Packers general manager Ted Thompson traded into the bottom of the first round last year to select USC linebacker Clay Matthews, one of the NFL's top defensive rookies in 2009. Will Thompson make a similar attempt this year?
Moving up in last year's draft paid off for the Packers when they selected Clay Matthews.
According to ESPN's Adam Schefter, the Packers have investigated the possibility of moving up from their current spot at No. 23 overall to the Nos. 10-12 range. You would assume the intent would be to draft one of the top four left tackles. Each player -- Oklahoma State's Russell Okung, Oklahoma's Trent Williams, Iowa's Bryan Bulaga and Rutgers' Anthony Davis -- is likely to be off the board well before No. 23 overall. That leaves the Packers in a much-discussed no-man's land when it comes to filling arguably their biggest need.
The cost would be considerable, however, and illustrates why such trades are far more discussed than actually executed.
We have acknowledged that the traditional draft value chart has its flaws, but let's use it as a guideline for this discussion. The chart assigns a point total to each pick. The No. 23 pick is worth 760 points. For argument's sake, let's consider the No. 11 pick. It's worth 1,250 points. That means the Packers would have to make up 490 points to make the deal work.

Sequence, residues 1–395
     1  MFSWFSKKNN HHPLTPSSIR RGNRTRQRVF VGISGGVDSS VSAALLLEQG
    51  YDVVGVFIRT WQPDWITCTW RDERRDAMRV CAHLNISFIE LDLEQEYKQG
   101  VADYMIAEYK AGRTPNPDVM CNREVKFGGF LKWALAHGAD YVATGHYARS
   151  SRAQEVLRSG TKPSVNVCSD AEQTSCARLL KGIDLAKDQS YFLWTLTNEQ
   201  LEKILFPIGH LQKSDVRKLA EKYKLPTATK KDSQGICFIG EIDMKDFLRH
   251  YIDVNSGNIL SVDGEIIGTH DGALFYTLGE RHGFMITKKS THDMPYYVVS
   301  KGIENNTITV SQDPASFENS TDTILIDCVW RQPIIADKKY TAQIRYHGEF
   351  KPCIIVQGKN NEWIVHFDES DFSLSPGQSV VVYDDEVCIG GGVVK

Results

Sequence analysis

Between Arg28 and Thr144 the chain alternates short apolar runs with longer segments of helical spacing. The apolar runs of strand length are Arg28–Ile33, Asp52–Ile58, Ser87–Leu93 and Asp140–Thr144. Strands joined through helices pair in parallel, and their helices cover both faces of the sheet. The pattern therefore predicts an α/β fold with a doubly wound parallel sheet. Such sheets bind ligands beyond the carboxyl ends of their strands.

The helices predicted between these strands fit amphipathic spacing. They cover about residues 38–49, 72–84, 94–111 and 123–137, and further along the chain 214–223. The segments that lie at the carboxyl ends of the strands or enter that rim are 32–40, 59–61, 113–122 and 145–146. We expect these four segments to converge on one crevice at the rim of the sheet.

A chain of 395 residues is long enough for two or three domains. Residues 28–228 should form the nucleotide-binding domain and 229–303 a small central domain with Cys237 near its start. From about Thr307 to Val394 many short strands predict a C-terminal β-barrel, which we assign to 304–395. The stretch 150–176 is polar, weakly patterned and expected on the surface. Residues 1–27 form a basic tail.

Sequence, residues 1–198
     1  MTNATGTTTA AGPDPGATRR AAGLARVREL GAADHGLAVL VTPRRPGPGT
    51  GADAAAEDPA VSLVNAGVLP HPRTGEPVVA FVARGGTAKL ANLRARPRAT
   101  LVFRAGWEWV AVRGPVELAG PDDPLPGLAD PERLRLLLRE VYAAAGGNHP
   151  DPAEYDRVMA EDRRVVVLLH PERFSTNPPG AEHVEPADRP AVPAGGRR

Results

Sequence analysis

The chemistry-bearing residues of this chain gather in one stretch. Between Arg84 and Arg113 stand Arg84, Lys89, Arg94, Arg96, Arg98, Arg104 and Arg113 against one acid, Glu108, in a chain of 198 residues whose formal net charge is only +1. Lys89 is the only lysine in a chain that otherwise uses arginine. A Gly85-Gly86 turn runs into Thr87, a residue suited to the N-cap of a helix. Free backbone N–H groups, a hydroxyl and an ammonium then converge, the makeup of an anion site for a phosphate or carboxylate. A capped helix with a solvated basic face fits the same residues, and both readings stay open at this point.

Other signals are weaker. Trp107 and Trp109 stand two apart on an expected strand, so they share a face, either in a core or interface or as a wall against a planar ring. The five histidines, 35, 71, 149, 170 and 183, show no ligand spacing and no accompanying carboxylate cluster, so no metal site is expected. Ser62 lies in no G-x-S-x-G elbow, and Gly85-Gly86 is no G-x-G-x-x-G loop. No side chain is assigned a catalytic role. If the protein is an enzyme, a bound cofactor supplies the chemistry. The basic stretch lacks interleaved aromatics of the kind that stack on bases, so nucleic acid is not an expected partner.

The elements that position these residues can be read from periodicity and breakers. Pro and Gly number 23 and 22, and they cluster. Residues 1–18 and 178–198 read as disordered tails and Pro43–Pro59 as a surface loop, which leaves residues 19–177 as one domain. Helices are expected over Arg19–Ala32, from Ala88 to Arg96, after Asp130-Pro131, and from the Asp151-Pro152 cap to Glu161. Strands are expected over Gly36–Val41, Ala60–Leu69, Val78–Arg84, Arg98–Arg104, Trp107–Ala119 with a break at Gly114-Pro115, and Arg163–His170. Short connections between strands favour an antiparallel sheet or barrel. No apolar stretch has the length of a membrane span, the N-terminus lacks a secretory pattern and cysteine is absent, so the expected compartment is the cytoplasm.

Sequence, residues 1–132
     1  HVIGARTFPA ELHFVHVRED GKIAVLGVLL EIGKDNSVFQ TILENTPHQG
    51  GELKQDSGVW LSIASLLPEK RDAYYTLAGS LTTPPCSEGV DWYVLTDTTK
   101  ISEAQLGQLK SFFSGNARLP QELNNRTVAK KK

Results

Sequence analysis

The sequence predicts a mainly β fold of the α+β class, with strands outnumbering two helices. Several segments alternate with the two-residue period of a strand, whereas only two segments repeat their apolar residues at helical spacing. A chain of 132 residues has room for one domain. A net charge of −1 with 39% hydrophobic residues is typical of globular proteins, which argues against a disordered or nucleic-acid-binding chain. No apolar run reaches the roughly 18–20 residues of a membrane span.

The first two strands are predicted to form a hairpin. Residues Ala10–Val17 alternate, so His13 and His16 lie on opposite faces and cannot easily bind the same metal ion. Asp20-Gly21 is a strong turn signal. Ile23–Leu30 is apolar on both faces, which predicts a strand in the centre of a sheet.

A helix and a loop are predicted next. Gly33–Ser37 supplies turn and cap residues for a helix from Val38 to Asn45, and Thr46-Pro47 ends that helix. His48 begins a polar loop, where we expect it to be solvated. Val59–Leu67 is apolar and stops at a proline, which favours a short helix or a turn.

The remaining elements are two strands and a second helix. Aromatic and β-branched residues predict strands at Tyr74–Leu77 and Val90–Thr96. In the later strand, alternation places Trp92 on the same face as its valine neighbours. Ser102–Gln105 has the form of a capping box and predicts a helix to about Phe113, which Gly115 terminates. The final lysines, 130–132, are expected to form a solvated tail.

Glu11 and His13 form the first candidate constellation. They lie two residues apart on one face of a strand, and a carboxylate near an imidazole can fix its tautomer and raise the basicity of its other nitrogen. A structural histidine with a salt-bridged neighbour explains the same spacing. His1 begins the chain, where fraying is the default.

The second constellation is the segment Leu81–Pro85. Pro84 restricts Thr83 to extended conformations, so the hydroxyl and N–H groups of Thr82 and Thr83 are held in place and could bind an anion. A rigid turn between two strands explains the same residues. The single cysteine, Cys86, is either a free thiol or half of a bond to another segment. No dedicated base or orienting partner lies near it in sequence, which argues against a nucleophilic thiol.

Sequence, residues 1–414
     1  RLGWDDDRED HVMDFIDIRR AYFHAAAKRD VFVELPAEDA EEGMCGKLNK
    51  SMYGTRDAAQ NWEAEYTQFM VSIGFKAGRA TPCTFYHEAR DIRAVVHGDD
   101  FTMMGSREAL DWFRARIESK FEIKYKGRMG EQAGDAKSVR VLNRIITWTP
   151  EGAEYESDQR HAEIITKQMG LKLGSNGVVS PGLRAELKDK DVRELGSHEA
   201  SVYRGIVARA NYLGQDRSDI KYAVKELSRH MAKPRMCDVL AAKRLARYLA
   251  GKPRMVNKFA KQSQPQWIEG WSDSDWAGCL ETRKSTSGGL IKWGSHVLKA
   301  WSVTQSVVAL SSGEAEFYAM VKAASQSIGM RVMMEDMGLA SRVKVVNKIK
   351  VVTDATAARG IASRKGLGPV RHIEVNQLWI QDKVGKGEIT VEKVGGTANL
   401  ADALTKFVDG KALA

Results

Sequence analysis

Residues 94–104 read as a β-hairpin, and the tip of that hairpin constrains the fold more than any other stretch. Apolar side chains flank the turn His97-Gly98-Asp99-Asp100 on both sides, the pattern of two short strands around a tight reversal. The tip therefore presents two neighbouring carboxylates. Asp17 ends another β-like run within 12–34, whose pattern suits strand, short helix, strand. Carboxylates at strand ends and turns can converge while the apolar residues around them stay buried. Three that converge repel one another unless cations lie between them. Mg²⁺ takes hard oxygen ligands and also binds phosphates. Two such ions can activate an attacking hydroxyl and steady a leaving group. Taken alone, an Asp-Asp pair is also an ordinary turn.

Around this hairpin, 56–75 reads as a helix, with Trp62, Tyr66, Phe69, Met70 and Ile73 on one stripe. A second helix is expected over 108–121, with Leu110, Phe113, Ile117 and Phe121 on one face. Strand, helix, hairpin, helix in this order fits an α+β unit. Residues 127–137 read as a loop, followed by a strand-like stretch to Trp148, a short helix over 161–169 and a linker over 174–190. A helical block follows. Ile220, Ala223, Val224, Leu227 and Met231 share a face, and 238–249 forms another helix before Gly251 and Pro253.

One way to do that: Giving up their second-round pick (No. 56 overall) and third-rounder (No. 86). Those picks add up to 500 points.
Would you give up your second- and third-round picks to move up 12 spots? First, it's possible the Packers could negotiate that price down. Second, remember that a true left tackle is one of the rarest of species. If you think you can get one, you might have to accept a premium price.
I still don't know if I see Thompson pulling the trigger on a deal that carries such a price tag, but it's certainly a big question with two days remaining until the first round begins.